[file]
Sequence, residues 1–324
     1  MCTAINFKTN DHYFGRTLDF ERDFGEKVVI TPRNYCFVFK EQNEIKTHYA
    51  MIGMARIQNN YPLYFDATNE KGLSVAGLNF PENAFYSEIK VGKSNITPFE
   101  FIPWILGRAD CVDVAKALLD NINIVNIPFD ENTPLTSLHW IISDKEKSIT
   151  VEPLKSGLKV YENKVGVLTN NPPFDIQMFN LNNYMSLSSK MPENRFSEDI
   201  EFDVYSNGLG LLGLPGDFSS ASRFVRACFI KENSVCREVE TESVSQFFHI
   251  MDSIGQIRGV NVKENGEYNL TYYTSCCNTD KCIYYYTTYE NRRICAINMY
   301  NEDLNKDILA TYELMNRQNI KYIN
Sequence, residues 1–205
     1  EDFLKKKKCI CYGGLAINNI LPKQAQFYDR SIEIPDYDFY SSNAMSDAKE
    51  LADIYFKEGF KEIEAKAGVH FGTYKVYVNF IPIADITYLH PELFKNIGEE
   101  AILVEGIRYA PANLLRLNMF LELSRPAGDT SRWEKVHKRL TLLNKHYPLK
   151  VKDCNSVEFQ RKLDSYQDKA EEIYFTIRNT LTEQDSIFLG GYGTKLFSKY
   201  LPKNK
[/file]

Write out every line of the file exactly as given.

Sequence, residues 1–324
     1  MCTAINFKTN DHYFGRTLDF ERDFGEKVVI TPRNYCFVFK EQNEIKTHYA
    51  MIGMARIQNN YPLYFDATNE KGLSVAGLNF PENAFYSEIK VGKSNITPFE
   101  FIPWILGRAD CVDVAKALLD NINIVNIPFD ENTPLTSLHW IISDKEKSIT
   151  VEPLKSGLKV YENKVGVLTN NPPFDIQMFN LNNYMSLSSK MPENRFSEDI
   201  EFDVYSNGLG LLGLPGDFSS ASRFVRACFI KENSVCREVE TESVSQFFHI
   251  MDSIGQIRGV NVKENGEYNL TYYTSCCNTD KCIYYYTTYE NRRICAINMY
   301  NEDLNKDILA TYELMNRQNI KYIN
Sequence, residues 1–205
     1  EDFLKKKKCI CYGGLAINNI LPKQAQFYDR SIEIPDYDFY SSNAMSDAKE
    51  LADIYFKEGF KEIEAKAGVH FGTYKVYVNF IPIADITYLH PELFKNIGEE
   101  AILVEGIRYA PANLLRLNMF LELSRPAGDT SRWEKVHKRL TLLNKHYPLK
   151  VKDCNSVEFQ RKLDSYQDKA EEIYFTIRNT LTEQDSIFLG GYGTKLFSKY
   201  LPKNK